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Text: Edgar Allan Poe, Literary America, [mostly] unpublished manuscript, 1848







[Title Page:]




                                                                                                                   
             


LITERARY AMERICA

Some Honest Opinions about our Autorial Merits and Demerits

with

Occasional Words of Personality.

BY
EDGAR A. POE



     If I have in any point receded from what is commonly received, it
hath been for the purpose of proceeding melius and not in aliud.
Lord Bacon.


   Truth, peradventure, by force, may for a time be trodden down, but
never, by any means whatsoever, can it be trodden out.

                                                 Lord Coke. .

Prefaced with a Critical and Biographical Sketch of the Author

by

James Russell Lowell and P. P. Cooke.



1848












[Internal Title Page:]




                                                                                                                   
             












LITERARY AMERICA





















[There is no table of contents in the original.]
 
 
....... ....               Contents


 

Biographical Sketch of the Author (by Phillip P. Cooke)  (This article was ultimately printed in the Southern Literary Messenger, January 1848)

Critical Sketch of the Author (by James R. Lowell)  (This slight revision of the article originally printed in Graham's Magazine was ultimately incorporated into The Works of the Late Edgar Allan Poe, 1850)

   

Frances S. Osgood [[incomplete]]   (This version was printed in SLM, August 1849 and substantially printed in WORKS.)  (Two pages are marked 11 and 12)

Lewis Gaylord Clarke [[Clark]]  [[incomplete]] (There are three fragments of this manuscript, two in the Berg collection and one in a private collection. One small fragment is missing from the manuscript. This review begins on the back of part of the manuscript about Mrs. Osgood. This version was not used by Griswold.)

Elizabeth Frieze Ellet  (This fragment survives on the back of a part of the manuscript about Lewis G. Clark in the Berg Collection.)

John Neal  (Neither the manuscript nor text for this entry has survived, but a note on the manuscript about Laughton Osborn states: "Before Benjamin — after Neal." The note was written in pencil, but is erased or very faded. No item on Park Benjamin or John Neal appears in "The Literati" as printed by Griswold, although there is some discussion about Neal in the entry for Laughton Osborn.)

Laughton Osborn [[incomplete]]     (This version was not used in Godey's or WORKS)   (pages 75-81)

Thomas Dunn Brown [[English]]     (This version was used in WORKS)  (pages 81-84)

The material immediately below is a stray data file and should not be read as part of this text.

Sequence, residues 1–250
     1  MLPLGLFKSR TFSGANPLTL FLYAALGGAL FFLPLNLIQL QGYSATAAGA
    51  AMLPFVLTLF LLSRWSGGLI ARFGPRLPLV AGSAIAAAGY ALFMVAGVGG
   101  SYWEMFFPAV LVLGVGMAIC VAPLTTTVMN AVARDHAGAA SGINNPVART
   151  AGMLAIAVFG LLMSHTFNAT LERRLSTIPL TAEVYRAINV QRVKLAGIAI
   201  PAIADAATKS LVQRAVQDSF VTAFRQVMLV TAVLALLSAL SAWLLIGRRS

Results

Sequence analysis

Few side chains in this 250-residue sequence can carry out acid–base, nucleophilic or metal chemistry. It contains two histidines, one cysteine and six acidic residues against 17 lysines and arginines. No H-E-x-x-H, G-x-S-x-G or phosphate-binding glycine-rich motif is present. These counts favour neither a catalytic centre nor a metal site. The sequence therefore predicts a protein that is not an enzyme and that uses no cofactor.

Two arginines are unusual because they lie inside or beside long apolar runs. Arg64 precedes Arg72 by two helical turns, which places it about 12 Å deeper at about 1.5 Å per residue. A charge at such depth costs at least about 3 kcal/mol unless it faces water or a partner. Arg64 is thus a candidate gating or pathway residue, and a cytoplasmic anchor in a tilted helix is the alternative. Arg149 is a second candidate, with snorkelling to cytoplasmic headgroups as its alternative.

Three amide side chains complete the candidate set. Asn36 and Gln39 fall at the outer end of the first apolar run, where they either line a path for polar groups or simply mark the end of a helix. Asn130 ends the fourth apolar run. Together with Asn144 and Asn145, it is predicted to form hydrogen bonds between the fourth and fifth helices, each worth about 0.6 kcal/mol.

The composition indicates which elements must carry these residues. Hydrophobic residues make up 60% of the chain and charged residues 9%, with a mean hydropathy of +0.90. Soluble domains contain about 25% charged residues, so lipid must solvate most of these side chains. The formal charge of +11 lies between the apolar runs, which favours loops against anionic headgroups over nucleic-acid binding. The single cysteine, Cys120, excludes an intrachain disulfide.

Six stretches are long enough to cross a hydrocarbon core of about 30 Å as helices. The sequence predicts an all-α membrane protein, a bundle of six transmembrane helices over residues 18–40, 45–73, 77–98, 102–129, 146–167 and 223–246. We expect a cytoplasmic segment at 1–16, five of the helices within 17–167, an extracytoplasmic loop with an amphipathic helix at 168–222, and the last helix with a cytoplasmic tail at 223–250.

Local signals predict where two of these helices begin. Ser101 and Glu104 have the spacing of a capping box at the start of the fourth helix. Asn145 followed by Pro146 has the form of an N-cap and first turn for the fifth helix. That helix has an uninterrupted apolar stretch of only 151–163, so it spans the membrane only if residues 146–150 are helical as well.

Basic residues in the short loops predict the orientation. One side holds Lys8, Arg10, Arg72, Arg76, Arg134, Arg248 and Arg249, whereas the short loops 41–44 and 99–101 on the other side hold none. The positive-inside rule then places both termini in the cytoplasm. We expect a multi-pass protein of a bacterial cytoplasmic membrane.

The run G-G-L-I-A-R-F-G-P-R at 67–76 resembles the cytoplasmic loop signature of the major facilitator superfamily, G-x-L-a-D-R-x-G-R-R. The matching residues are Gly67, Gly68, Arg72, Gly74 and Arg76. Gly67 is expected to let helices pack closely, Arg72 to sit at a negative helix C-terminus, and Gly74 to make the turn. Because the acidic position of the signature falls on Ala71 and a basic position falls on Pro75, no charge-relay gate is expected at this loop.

Christopher Pease Cranch.  (pages 84-87)

Park Benjamin   (Neither the manuscript nor text for this entry has survived, but see John Neal, above.)

Henry Cary   (pages 92-93)  (This manuscript is currently owned by the Harry Ransom Center, University of Texas at Austin)

James Lawson   (page 93) (This review begins at the end of the manuscript about Henry Cary, above. This manuscript is currently owned by the Harry Ransom Center, University of Texas at Austin)

Richard Adams Locke  (pages 94-99) [[incomplete]] (this version was not used in Godey's or WORKS)

Mary E. Hewitt    (This version was used in WORKS, with some omissions. One long omission is recorded in sale catalogue of John Spoor, 1939, item 682.)

George Bush    (This version was not used in Godey's or WORKS. Some of the material apparently added after Godey's was reused in "Marginalia.")

Charles F. Briggs   (The version in WORKS differs from that used in Godey's. A manuscript may be presumed, but T. O. Mabbott noted that "a brief interpolation is suspected in the paper on Briggs.")

S. Anna Lewis (This text was printed in the Democratic Review for August 1848)  (some manuscript fragments also survive)










Notes:

Poe prepared this manuscript for publication in 1848, but abandoned it, for reasons which are uncertain. It survives as a substantial collection of notes and fragments, with some material apparently clipped by R. W. Griswold and given out as souvenirs to visitors and friends.

On the manuscript, Poe's name on the title page and the lines beneath it are given in a circular fashion, with the ends angled slightly upwards. On the internal title page, the words "LITERARY AMERICA" appear in the middle of a full sheet. A photograph of the cover page was published by Burton R. Pollin, "The Living Writers of America: A Manuscript by Edgar Allan Poe," Studies in the American Renaissance, 1991, Charlottesville: The University Press of Virginia, 1991, pp.151-211. No one can be certain of the size of the original manuscript. Some of the surviving sheets bear page numbers as high as 93.

The two notices of Poe by Cooke and Lowell were both eventually published. Cooke's notice was printed in the Southern Literary Messenger for January 1848, pp. 34-38. Poe requested Cooke to write it on April 16, 1846, and Cooke replied on August 4, 1846, agreeing to the assignment "with entire pleasure."  The notice by Lowell was apparently a minor revision of his article on Poe from Graham's Magazine for February 1845, pp. 49-53. It may have been essentially the same form as used by Griswold in 1850 for WORKS, the version used here. A copy of the 1845 article, with two unspecified changes made by Lowell, is known but currently unlocated. It is signed on the first page "J. R. Lowell" and dated "Elmwood 1847." These pages were sold at the auctions of A. Edward Newton in 1941 and John F. Fleming in 1988. At the Newton sale, it was misleading characterized as "proof sheets."







 
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